I believed this one hundred percent, but I don't think P ever did. In his heart, I think he thought that even though I loved him, I could and would replace him with someone "better" after he was gone. But that's where he was wrong. Of all my reasons for not wanting to get married again, one of the strongest is this: I don't want to create a situation where people might look at my life with someone else and decide that it's better than my life with P, and by extension, that it's a good thing P died. It will never be a good thing that P died. Moreover, I don't want anyone saying or implying or even thinking that what he feared most -- that his illness made him not good enough -- was true. I know it wasn't, but I also know from experience that you can't control what other people think. They see the outside of things and make snap judgments: "She ought to dump him and find someone else to marry." Or, " I'm sure she loved that first guy, but she's so much better off with 'Joe' here." Well, the hell with that. I won't have it.

I don't mean to say that I plan to live life in stasis and never improve my situation. If there's an opportunity for us to travel, or buy a real house, or do any of the things P and I would have liked to do but couldn't, then I'll absolutely take it -- but only if I can make it happen on my own. There'll be no "new dad" swooping in to save us, because we don't need saving. We don't need someone better than P, because there is no one better. For us, he was perfect just the way he was.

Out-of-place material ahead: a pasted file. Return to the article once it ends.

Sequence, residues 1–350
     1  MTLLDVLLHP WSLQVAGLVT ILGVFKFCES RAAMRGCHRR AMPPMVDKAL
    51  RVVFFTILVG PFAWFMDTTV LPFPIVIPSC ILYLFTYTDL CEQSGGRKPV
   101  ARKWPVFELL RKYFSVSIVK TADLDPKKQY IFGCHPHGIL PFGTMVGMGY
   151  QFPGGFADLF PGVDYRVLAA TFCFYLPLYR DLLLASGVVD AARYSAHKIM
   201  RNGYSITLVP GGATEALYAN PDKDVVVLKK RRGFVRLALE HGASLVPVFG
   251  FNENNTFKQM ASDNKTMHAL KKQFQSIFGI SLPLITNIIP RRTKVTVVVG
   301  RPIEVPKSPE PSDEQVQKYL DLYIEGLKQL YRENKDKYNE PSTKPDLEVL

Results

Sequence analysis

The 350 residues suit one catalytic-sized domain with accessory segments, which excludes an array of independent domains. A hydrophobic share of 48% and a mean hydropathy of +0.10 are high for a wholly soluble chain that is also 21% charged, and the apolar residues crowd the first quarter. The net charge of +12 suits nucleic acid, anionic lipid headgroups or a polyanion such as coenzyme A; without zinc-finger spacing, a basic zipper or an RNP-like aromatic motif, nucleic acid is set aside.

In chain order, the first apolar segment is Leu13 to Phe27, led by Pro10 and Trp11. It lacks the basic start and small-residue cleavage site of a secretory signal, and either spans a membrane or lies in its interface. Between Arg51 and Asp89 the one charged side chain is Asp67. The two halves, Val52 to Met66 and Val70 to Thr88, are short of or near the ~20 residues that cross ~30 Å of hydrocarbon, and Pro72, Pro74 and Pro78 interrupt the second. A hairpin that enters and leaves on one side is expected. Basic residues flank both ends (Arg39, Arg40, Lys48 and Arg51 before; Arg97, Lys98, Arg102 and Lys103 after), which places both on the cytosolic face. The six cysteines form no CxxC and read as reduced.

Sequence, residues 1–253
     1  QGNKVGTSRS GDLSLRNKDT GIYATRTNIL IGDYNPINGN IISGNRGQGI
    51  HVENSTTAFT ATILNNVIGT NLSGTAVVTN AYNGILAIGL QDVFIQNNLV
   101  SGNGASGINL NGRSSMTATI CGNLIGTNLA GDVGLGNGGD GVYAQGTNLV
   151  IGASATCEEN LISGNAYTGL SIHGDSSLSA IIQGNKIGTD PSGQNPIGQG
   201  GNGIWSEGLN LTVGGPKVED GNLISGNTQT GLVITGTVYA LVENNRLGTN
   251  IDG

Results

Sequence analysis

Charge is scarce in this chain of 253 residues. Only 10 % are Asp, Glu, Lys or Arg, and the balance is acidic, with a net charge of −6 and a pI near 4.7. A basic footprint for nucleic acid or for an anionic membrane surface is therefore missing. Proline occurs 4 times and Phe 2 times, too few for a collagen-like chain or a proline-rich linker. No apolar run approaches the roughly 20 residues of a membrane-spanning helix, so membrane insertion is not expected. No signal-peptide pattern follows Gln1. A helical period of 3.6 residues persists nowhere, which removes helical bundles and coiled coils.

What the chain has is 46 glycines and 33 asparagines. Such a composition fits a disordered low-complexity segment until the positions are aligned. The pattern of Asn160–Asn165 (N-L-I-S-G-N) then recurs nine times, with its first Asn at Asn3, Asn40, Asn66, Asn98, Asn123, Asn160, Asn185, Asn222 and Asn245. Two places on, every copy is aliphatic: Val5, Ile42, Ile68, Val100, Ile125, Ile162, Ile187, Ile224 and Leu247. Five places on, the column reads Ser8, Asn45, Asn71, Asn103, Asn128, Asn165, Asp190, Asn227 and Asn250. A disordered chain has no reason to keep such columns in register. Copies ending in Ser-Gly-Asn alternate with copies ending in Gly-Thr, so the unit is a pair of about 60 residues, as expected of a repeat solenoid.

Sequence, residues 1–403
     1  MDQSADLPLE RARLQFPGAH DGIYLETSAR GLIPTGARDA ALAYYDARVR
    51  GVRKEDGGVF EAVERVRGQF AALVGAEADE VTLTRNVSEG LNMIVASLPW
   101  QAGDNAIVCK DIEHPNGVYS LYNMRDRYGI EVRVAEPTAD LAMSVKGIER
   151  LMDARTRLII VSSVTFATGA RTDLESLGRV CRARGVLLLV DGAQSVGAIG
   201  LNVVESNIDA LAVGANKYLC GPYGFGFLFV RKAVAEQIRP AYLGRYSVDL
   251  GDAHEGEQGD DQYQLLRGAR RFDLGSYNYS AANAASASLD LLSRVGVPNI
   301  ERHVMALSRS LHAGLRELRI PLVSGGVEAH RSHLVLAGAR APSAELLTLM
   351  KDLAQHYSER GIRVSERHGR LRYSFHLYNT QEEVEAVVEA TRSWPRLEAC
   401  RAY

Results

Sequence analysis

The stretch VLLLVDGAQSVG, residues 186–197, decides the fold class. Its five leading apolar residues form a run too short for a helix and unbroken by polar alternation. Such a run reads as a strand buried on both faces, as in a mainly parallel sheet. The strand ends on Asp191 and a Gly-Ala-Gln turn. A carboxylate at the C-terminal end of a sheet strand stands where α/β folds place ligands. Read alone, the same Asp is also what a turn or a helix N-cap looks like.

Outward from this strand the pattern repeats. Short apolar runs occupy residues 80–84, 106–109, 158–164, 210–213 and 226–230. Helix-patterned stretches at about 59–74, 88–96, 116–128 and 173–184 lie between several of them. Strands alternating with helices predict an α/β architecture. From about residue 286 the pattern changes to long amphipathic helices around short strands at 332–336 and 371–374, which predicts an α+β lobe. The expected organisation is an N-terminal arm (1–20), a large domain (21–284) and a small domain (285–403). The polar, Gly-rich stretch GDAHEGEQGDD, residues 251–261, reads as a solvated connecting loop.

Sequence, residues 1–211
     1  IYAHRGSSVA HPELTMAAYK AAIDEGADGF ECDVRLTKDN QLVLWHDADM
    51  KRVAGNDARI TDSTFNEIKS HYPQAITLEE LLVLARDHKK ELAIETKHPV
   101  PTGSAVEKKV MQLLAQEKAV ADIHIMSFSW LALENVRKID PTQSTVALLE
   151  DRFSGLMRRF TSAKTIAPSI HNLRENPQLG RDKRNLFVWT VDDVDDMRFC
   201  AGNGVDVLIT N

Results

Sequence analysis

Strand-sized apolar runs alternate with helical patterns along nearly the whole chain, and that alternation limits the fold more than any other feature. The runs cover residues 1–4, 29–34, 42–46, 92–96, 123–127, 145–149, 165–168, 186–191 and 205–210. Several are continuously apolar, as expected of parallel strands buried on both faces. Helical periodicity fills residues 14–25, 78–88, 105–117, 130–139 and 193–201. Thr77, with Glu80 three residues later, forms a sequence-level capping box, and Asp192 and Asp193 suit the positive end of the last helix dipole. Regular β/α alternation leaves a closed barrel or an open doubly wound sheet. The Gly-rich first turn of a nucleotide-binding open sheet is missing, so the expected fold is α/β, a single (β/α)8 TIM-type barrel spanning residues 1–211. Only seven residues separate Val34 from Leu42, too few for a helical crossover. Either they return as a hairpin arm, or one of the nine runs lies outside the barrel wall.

6 comments:

Annie said...

Hmmm, this was an interesting post because I live this. My family believes that my daughter and I are better off now than we were when my first husband was alive but very ill. They believed I was better off after he died too even before I met Rob, my husband now. It hurt when they made the offhand remark to that effect. Now, I just chalk it up to the fact that they don't really know me or why I choose/chose to live as I do. It really doesn't matter what anyone thinks because it's my life. And it doesn't matter to my late husband either. He has moved on to a new existence (that's what I believe happens to us all) and I am sure he lives as he needs and chooses just as I do.

If a widowed person chooses to remain single because he/she feels that this is what is best for him/herself, I think that is great. You should always be true to yourself. But, if the decision is based on anything else - I feel that person should perhaps decide not to decide for the near future and just let life unfold for a while without limits or expectations. But that is just me.